Entrust Homebuyers | Real Estate Solutions | Servicing Tennessee

Understanding the Delinquent Property Tax Auction Process in Tennessee

By Ben DuBose

Sometimes homeowners in challenging financial situations ask us, “How does a delinquent property tax auction work?” So, here are the top answers to what happens before, during, and after the auction process in Davidson County, Tennessee.

Note: This blog is a follow-up to my article covering the property tax collection processes in Tennessee. To learn how to keep your home from going to auction, read the post: I’m Behind on My Property Taxes…

Before Your Property Goes to Auction

The due date arrived. Your property taxes reached delinquent status and got turned over to the county for collection. The Clerk and Master’s Office will then set a date to sell your property at auction to the highest bidder. 

If you want to keep your home (and have the money to pay), you can save your property from auction by following these essential steps:

The Delinquent Property Tax Auction Schedule

Around May 1 in most larger Tennessee counties, the Clerk and Master will have the list of properties scheduled to go sold to auction that year. Dates are not assigned to each property yet, but you can find out if your property is on the list by calling the Clerk and Master’s office.

The first auction date is usually in June. For smaller counties, there may just be one auction in the fall for all of the properties. Auctions must be advertised publicly, and the exact list of properties becomes available at least two weeks before the auction date, and sometimes longer. In Middle Tennessee, the advertisements typically show up in the Nashville Ledger newspaper. In Davidson County, the list and auction dates are on Chancery Clerk and Master’s Office website here.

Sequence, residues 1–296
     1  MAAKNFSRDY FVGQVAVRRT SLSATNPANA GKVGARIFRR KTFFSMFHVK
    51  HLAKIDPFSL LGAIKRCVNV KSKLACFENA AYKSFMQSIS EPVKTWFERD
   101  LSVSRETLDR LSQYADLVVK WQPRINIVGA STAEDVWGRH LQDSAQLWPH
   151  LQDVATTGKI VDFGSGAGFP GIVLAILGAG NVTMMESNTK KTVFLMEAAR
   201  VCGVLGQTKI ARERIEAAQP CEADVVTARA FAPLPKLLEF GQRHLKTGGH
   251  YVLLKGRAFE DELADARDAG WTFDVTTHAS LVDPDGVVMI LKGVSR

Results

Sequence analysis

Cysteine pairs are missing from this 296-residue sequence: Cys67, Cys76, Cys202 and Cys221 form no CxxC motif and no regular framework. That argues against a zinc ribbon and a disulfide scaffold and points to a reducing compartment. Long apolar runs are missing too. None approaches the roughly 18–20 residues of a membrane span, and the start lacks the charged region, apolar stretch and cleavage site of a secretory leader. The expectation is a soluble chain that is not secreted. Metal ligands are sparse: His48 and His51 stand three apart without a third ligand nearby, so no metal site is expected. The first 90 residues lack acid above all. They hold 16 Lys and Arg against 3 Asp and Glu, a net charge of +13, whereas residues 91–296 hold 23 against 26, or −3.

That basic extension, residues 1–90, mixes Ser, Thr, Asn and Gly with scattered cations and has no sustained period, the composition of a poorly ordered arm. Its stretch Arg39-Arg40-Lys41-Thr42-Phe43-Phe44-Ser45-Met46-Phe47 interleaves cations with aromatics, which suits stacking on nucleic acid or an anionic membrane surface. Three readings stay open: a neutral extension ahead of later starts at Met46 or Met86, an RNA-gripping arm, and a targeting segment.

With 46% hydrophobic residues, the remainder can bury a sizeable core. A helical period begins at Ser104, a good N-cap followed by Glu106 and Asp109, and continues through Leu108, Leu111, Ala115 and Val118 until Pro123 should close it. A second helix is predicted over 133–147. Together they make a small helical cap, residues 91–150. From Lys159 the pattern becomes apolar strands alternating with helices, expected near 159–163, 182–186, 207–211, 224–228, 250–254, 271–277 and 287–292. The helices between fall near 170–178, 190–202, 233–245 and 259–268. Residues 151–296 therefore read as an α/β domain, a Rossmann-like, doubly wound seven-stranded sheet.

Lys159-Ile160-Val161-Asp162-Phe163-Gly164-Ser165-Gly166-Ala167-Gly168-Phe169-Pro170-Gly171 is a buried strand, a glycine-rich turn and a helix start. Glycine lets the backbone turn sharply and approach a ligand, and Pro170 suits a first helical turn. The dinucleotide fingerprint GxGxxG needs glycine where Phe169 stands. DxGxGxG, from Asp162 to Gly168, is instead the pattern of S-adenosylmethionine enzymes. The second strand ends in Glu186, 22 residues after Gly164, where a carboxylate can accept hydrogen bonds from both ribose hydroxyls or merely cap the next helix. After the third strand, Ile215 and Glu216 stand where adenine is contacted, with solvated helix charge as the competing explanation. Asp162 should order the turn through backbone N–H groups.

On auction day, lot of investors or house flippers show up hoping to buy delinquent tax properties at a deep discount. Properties are auctioned off in alphabetical order on the day they are scheduled for sale. 

You can actually reclaim your property that day until it sells by paying the total amount owed at the Clerk & Master’s house with cash or a cashier’s check. 

I’ve seen someone stand up at the auction when their property was called to start the bidding and ask how to pay their delinquent taxes right away. The auctioneer said he would move their property to the end of the list to give the individual time to run upstairs, pay their taxes, and bring the proof of payment.

After Your Property is Sold at Auction

So what happens if your property is sold at the auction?

Thankfully, Tennessee law gives property owners up to 12 months after the auction sale to “redeem” the property. The process is long and complex and expensive, but all hope is not lost. Here’s how to get your property back.

How to Redeem a Delinquent Property Tax Home in Tennessee

If you’ve lost your property at a tax sale, you can still regain ownership. The redemption process in Tennessee is very complicated, but some homeowners have succeeded in repurchasing their homes. 

For example, if your delinquent taxes and penalties and interest total $4,000 at the time of the auction, and the highest bidder offers $100,000 for your property at auction, the amount to redeem your property at the end of 12 months would be approximately $4,000 + $3,000 (3% commission of $100K) + $12,000 (12% annually of $100K). 

Again, we’ve seen some people do it, but it is costly. It usually takes someone receiving a windfall of money to redeem a delinquent tax property.

Next Steps to Save Your Delinquent Property Tax Home in Tennessee

So, what can you do if your property taxes are delinquent? First, realize this is serious and take action now! 

Second, decide if you want to manage the process independently or benefit from some expert support, like our team at Entrust Homebuyers. 

If you want help, there is no reason to feel discouraged or lose your property at auction. Call us today at 615-338-5578, or contact us now.

We’ve purchased dozens of properties from families who would have otherwise lost their homes at auction. If you want, we can make you a Fair Cash Offer on your property this week and then give you the time to find another place to live. We are here to help, regardless of whether we buy your property or not. 

This article is not legal advice.


Exit mobile version